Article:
Like any other laboring industry, the truck driving industry demands commitment, hard work, determination, and a positive approach. Unfortunately, many new truck drivers ruin their career even before it starts. Let us have a look at the common mistakes rookie truckers make.
READY TO MEET CHALLENGES
The most important thing you need to understand is that trucking is one of the most challenging decisions. At times you will even regret your decision to be a trucker because CDL training pushes you beyond your limits, and you have to overcome a lot of mental obstacles before you can reach your goal. If you can get through the CDL training and the rookie years of trucking, the real fun starts just after.
Many truckers spend an entire decade in postal services to understand and improve their mistakes, prepping themselves for the trucking industry. Eventually, you learn to steer a 70 feet long monstrous truck that weighs close to 80000 pounds. Time in different delivery services will help you master the art of time management, memorize road maps, and find parking in the most populated places.
Around this time, the learning curve comes to an end, and the stress of daily life in a trucking industry takes its place. When you have spent a decade in the delivery business and undergone proper training, the trucking industry seems to be a comfortable fit for you. You handle the truck very well, communication with dispatch improves, and you know exactly what is asked of you. Understanding your vehicle becomes more natural, and you can quickly identify and fix mechanical failures. All these help build your experience and confidence to be an impeccable trucker.
To survive the rookie years in the trucking industry, you must let go of all fantasies you had about trucking. Rookie years are all about working hard and gaining experience. There are days when you will be working so hard that sweat will be pouring all over you, and a couple of showers won't help get the stink off. Sometimes the weather gets so bad that the wind from a thunderstorm or blizzard will shake your truck off balance, and you will have no chance to go to the restroom even if you wanted to. Some days you will feel like beating up your trainer or hammer down the truck because some drivers won't give you space to move backward. These are the days you must endure and learn.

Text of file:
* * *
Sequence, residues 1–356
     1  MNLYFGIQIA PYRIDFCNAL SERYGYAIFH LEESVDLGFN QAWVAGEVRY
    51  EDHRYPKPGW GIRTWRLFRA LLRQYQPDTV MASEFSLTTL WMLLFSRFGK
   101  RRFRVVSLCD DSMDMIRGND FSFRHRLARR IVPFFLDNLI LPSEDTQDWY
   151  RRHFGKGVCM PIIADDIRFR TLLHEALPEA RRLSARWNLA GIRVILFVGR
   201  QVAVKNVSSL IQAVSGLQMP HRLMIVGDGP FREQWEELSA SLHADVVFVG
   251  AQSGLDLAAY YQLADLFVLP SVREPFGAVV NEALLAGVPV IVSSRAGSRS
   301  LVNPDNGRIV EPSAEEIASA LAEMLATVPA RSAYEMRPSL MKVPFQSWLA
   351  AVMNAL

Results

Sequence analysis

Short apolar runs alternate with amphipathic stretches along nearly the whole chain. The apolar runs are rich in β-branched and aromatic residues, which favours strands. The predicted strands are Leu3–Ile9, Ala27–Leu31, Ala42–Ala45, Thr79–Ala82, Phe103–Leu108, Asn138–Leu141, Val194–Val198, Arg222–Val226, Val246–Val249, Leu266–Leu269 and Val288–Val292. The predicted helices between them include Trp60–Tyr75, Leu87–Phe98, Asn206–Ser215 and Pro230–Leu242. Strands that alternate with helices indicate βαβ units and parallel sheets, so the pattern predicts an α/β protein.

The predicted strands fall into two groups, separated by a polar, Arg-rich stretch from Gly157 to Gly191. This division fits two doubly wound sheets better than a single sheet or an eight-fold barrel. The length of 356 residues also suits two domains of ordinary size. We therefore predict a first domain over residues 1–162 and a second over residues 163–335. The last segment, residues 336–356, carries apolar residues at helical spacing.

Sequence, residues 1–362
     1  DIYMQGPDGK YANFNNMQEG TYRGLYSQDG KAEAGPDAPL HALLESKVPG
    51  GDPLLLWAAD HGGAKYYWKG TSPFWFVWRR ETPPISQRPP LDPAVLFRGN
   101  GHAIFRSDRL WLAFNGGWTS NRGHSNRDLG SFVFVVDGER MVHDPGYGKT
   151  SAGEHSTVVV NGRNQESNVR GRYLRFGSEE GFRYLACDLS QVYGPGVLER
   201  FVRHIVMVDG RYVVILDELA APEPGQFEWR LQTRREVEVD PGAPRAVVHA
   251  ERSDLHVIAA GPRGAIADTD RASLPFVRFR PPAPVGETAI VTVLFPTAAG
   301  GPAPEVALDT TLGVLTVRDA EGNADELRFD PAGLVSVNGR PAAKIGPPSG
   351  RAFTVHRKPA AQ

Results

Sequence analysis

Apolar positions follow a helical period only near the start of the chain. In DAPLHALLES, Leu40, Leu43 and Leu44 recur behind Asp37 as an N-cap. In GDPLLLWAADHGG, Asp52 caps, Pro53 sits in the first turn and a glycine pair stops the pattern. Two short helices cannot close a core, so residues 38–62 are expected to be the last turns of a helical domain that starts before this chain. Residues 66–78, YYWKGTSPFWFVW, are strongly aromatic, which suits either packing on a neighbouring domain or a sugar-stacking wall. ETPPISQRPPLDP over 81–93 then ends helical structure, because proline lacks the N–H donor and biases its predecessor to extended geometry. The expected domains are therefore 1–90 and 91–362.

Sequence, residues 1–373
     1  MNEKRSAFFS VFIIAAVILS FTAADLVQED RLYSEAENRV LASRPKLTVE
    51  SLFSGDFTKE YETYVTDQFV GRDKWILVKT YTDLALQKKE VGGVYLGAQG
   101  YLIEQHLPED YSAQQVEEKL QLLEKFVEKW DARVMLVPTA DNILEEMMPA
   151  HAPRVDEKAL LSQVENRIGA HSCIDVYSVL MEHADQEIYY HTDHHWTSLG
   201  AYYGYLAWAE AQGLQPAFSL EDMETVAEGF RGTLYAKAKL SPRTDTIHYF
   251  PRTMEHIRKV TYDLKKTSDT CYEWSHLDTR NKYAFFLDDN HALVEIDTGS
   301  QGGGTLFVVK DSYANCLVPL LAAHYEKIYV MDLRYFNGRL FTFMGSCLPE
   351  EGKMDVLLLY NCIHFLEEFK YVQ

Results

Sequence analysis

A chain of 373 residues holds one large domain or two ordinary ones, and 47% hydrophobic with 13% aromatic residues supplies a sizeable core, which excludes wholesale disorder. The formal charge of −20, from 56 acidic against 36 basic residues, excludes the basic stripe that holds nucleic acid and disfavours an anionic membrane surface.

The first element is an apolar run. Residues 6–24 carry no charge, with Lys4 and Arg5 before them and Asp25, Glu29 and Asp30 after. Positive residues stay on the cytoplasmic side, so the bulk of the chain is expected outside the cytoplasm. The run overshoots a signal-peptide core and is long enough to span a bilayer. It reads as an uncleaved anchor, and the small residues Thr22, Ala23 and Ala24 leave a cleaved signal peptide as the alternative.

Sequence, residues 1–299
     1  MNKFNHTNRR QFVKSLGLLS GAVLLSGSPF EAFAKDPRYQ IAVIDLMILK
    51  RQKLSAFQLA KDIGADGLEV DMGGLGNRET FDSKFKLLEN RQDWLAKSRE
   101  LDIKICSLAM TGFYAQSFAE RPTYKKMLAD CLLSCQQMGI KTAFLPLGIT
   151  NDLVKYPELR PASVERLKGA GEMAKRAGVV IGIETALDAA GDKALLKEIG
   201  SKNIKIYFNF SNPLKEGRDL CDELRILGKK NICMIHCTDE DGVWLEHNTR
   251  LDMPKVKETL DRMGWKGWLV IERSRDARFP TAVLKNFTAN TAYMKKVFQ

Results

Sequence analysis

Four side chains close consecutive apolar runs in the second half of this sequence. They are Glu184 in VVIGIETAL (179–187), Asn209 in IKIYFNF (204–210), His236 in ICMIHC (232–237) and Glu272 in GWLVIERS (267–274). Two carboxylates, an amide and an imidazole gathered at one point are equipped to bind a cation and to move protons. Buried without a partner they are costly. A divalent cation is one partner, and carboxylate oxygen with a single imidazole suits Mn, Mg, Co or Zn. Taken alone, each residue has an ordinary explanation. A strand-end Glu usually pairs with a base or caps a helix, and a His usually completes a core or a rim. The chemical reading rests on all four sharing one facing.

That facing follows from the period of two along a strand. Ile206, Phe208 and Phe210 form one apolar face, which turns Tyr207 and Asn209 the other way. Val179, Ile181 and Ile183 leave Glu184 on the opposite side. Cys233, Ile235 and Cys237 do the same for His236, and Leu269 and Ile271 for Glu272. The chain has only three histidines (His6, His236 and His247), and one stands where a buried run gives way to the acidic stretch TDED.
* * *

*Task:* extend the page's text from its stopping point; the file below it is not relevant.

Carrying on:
On the highway, things change rapidly. Sometimes mechanical problems or traffic might cause delays. Sometimes the shipper cancels the load before you have even reached. You can also be rerouted to a different location after traveling a thousand miles to deliver goods. Adapting to the ever-changing environment of the trucking industry is the reality.
These cases are not anybody's fault. No one can be blamed, and you are not a victim of incompetence. This is trucking. If you have been in the trucking and it makes you feel worthless, this industry is not for you.
CONFIDENT AND HUMBLE
Overconfidence is not a virtue anywhere. The overconfident rookies, just out of CDL training, think a lot of themselves and make the most accidents. They expect higher pay because they topped their class in CDL School but fail to understand that they lack experience in the real world. They fail to realize that their worth is equal to the starting pay a company offers because the company will have to reimburse for damages they will make in the field in the beginning.
The second type of character that suffers in the trucking industry is the perfectionists. They beat themselves up for not being able to avoid mistakes that almost every rookie makes. Mistakes like locking yourself out of the truck, making small accidents, arriving late at appointments, or getting lost are prevalent in rookies. Errors in the rookie years are for you to accept, learn, and improve your skillset.
The overconfident ones end up in the trucking industry expecting high pay, new equipment, auto transmission vehicles, holidays, and good-benefits. They all set themselves up for disappointment as they fail to understand that experience is the first thing that matters, and more experienced drivers have earned their equipment and pay scale.
NO ONE LIKES A KNOW-IT-ALL
The terrifying truckers are the ones who try telling us how things are and will be. These drivers downplay their past infractions, drug history, or work ethics, which portray disrespect for the road. They think they know everything which demeans the experience that real truckers have gained over the years.
The truth about the trucking industry is that it has a 24-hour work schedule that is continually changing. Trucking will leave you drained of all energy by the end of the day, so investing in online colleges for further studies would be foolish in the rookie years. It will take a few years to accept and adapt to the transition to the new lifestyle of a trucker.
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